The melodic title of Robin Hays’ Anthem of a Teenage Prophet suggests, at the very least, a kind of experimental approach to tragedy and trauma. Instead, this adaptation of Joanne Proulx’s award-winning novel Anthem of a Reluctant Prophet is surprisingly familiar; replete with the traditional rebellious drug-fueled angst we’ve come to expect from cinematic representations of teenage life in the suburbs.
Articles by Mark Barber
The intersection of comedy and thriller do not often mix well, especially in survivalist narratives. But Harpoon, even with its familiar survivalist tropes on display, evenly balances the two in an intense, frequently unpleasant, but endlessly watchable nightmare-at-sea.
Eddie Mensore’s environmental thriller Mine 9 is a succinct depiction of trapped coal miners in Appalachia. Coming at a time when the preservation of the coal mining industry is improbably and invariably debated, thanks to a political climate incapable of addressing an alternative to fossil fuels, Mine 9 satisfyingly addresses worker’s safety, while interrogating large corporations who allow fatal accidents like this to happen.
Sending the unlikeliest of people into space–from Jason Voorhees to Homer Simpson–has always been a crowd-pleasing move. So it should come as no surprise that Shelagh McLeod finds the same results in her feature directorial debut Astronaut, which sends seventy-one year old Richard Dreyfuss into the heavens, in perhaps the Oscar winner’s best performance in years.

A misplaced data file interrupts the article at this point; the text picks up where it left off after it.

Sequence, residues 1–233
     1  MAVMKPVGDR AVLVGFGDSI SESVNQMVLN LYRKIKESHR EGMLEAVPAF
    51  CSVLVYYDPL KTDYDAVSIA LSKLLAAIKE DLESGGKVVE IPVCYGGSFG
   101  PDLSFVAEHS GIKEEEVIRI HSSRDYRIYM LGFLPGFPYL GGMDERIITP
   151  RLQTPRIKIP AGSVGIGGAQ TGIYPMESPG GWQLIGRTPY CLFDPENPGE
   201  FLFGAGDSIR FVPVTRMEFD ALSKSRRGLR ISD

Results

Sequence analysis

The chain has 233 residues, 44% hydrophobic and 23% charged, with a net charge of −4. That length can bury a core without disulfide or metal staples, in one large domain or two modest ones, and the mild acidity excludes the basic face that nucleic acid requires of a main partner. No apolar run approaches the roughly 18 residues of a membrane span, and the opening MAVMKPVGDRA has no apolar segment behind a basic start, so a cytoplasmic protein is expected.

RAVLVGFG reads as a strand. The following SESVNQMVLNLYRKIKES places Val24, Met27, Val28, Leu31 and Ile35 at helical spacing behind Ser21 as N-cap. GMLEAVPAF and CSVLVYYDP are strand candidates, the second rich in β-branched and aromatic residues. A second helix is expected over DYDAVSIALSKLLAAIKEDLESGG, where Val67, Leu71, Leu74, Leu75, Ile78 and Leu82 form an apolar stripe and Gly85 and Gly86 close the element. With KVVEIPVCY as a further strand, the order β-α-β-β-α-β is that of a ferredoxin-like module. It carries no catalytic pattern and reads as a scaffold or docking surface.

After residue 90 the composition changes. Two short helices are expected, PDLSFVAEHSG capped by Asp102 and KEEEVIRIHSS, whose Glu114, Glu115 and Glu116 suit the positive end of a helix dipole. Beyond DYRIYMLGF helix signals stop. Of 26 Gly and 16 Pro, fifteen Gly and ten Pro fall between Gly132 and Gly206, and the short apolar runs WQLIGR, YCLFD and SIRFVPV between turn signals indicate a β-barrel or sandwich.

The synopsis of Blackbear vaguely reminds one of the 2006 film Annapolis–a film that, if you recall (and if so, good for you), was marketed as a recruit training film in the vein of A Gentleman and an Officer, but was actually, secretly, a boxing film. Blackbear is similar: it starts off as a war film, with the two central characters as captives by ISIS, only to quickly become a boxing film within the film’s…
Gary Burns’ Man Running, which modestly premiered at the 2018 Whistler Film Festival, follows Jim (Gord Rand) as he participates in a 24-hour marathon. The laborious journey he takes is vertiginously interspersed with flashbacks and hallucinations, suggesting a double struggle for the main character: one physical, one emotional.
Finding Hygge explores the Danish concept of hygge, which a quick Google search tells me has to do with comfort, wellness, and happiness. I was forced to Google, because at no point in this ninety-minute long documentary is the concept distilled or defined in a coherent manner.
A Breath Away emerges in the midst of a growing number of films dedicated to portraying the horrors of environmental disaster. Timely as it is horrifying, A Breath Away is an emotionally-charged thriller that broadly follows the algorithmic pattern set by previous disaster films, and has little to say ideologically about its central issues.
Searching for Ingmar Bergman, a new documentary from renowned German filmmaker Margarethe von Trotta, is an intimate portrait of the famed Swedish filmmaker’s life and legacy, focusing both on his voluminous oeuvre (Bergman’s first film credit as a screenwriter in the early 1940s to his last film, Saraband, in 2004) and his family life.
Number 37, which recently premiered this summer at the Fantasia Festival, proves an old argument: some films should not be remade. In this case, director Nosipho Dumisa has updated and resituated Alfred Hitchcock’s classic thriller Rear Window within the generic contours of the gangster sub-genre.